How painful was it? The three-nil defeat to Chelsea in the FA Cup Final was hurtful like very few other defeats before that have been.
We were dominated, humbled, punished by a Chelsea team that was simply too much to handle for our players and our head-coach.
Before digging into the technical and tactical aspects of our performance, it is important to give credit to Emma Hayes for her tactical plan and to the players for implementing it so brilliantly: their pressing was outstanding, Kerr and Kirby were always alert to pounce on any loose ball and their wing-backs were close to our wingers, protecting the back-three from any ball in-behind.
They deserved to win the game and probably deserved to win it by a bigger margin, to be honest. For me, it is a case of them being far superior to us than us conceding too much, although some of the choices made by Jonas Eidevall could have been better.
I find it particularly difficult to understand why our coach was so reticent in making changes at the break, given how lucky we were to still be in the game at that point, and I suspect that he perhaps felt he fixed our problems when he swapped Katie McCabe and Beth Mead: after that move, we looked a bit better e more balanced but Chelsea were still all over us, especially in midfield where Fleming was leading the well-drilled, well-coordinated pressing.
As much as their collective movement was coordinated, ours was ineffective and disjointed, especially in wide areas where Noëlle Maritz and Steph Catley left Lotte Wubben-Moy and Jen Beattie isolated against Sam Kerr and Fran Kirby, something you can’t get away with so easily.
We struggled in midfield, too, where Frida Maanum seemed a bit lost at times and Lia Wälti failed to control the tempo of the game like she usually does, leaving Kim Little alone in her attempts to link midfield and attack. In that regard, Jonas Eidevall’s choice not to bring in Jordan Nobbs saw many eyebrows raised suddenly because I felt like the team could have used some security, leadership and experience.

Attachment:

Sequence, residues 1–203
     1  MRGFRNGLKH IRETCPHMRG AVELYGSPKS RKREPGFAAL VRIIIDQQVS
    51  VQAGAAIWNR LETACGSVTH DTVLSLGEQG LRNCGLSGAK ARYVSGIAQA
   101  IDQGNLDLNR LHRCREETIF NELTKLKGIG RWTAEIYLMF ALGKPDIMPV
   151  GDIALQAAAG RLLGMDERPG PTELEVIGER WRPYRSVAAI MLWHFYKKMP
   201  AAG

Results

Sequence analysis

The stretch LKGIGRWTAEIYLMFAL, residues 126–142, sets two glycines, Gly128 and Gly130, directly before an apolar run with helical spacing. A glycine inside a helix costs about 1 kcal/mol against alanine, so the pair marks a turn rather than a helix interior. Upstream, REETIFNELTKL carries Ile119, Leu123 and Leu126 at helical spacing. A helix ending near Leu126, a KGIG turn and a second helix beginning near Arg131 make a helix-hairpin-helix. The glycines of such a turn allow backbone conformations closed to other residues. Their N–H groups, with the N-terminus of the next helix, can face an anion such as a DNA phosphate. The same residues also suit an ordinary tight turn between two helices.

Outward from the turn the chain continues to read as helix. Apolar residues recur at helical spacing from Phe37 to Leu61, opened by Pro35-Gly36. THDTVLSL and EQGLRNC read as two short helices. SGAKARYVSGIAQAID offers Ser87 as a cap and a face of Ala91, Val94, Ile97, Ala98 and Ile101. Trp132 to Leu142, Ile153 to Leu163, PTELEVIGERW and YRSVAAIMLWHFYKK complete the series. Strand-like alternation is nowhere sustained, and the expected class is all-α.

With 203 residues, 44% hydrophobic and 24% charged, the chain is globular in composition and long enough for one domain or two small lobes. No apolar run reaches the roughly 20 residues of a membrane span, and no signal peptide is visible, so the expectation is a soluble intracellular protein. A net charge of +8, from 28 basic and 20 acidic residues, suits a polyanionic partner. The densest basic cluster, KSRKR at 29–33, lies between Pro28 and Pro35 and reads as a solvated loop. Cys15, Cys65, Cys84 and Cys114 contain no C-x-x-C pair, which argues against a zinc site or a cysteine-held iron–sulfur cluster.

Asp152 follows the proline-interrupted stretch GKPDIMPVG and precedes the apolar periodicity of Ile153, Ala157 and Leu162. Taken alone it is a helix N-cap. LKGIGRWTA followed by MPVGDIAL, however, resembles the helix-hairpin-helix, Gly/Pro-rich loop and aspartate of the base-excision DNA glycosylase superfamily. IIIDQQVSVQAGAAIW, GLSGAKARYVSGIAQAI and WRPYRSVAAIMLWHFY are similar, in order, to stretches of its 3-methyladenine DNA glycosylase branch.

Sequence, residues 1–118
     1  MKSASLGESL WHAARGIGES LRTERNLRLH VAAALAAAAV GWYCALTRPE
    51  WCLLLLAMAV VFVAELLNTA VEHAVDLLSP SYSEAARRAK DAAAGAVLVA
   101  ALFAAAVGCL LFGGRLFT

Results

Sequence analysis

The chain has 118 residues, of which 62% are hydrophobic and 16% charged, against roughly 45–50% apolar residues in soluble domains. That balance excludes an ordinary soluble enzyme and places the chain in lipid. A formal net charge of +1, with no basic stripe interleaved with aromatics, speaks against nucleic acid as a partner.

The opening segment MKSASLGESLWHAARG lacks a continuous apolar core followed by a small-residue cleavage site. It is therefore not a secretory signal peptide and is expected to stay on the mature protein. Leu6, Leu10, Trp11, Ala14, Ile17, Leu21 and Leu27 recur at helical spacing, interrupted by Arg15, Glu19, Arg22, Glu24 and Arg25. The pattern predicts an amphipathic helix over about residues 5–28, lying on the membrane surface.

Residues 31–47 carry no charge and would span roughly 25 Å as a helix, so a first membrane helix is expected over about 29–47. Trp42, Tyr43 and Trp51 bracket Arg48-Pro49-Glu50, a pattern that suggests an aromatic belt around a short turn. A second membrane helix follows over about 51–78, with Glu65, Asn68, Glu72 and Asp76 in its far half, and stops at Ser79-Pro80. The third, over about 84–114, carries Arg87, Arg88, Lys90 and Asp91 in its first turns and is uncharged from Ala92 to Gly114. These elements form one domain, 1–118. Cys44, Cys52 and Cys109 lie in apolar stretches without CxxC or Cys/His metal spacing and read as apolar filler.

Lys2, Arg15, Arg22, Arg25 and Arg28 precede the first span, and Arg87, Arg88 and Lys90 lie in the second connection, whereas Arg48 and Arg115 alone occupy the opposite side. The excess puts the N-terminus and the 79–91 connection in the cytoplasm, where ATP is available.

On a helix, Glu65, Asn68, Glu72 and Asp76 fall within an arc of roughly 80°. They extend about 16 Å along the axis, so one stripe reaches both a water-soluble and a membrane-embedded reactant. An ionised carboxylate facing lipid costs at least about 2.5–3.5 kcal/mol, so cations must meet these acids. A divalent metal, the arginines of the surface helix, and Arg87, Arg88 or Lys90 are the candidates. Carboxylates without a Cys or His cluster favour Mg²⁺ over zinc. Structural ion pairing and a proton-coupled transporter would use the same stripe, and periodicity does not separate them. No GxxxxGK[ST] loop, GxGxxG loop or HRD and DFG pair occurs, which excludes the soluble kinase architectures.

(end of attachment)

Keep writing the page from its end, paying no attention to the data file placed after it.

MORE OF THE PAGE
We were struggling to such an extent that, at some point, we decided to skip midfield altogether and go over the top, hoping to find Miedema centrally or either one of our wingers – something very unusual for our team. Needless to say, it didn’t work at all and we continued to find it hard to test Chelsea’s defensive line. The most damning stat of the game surely is the ZERO shots on target recorded in the game, another very unusual thing for this team.
It’s been a very bad day at the office, overall, with one notable exception: Manuela Zinsberger. The Austrian goalkeeper kept us in the game throughout the first half, saving anything she could possibly save, and continued in the second half, with Chelsea players shooting from left, right and center, so we owe her a big thank you for avoiding a very, very heavy defeat at Wembley.
We have no choice but to move on from this very poor display and disappointing result, which will surely leave some scars and have dented our overall confidence. I hope our girls will be ready to bounce back, although the upcoming game against Barcelona probably is the worst fixture one can hope for.
There’s still much to play for, lots of important games ahead. It’s not time for self-commiseration.
Thirty-something Italian, currently in Switzerland. Gooner since mid-ninties, when the Gunners defeated my hometown team, in Copenhagen. Twelve years ago I started my own blog (www.clockenditalia.com) after after some experiences with Italian websites and football magazines. Debate, don’t insult or you’re out.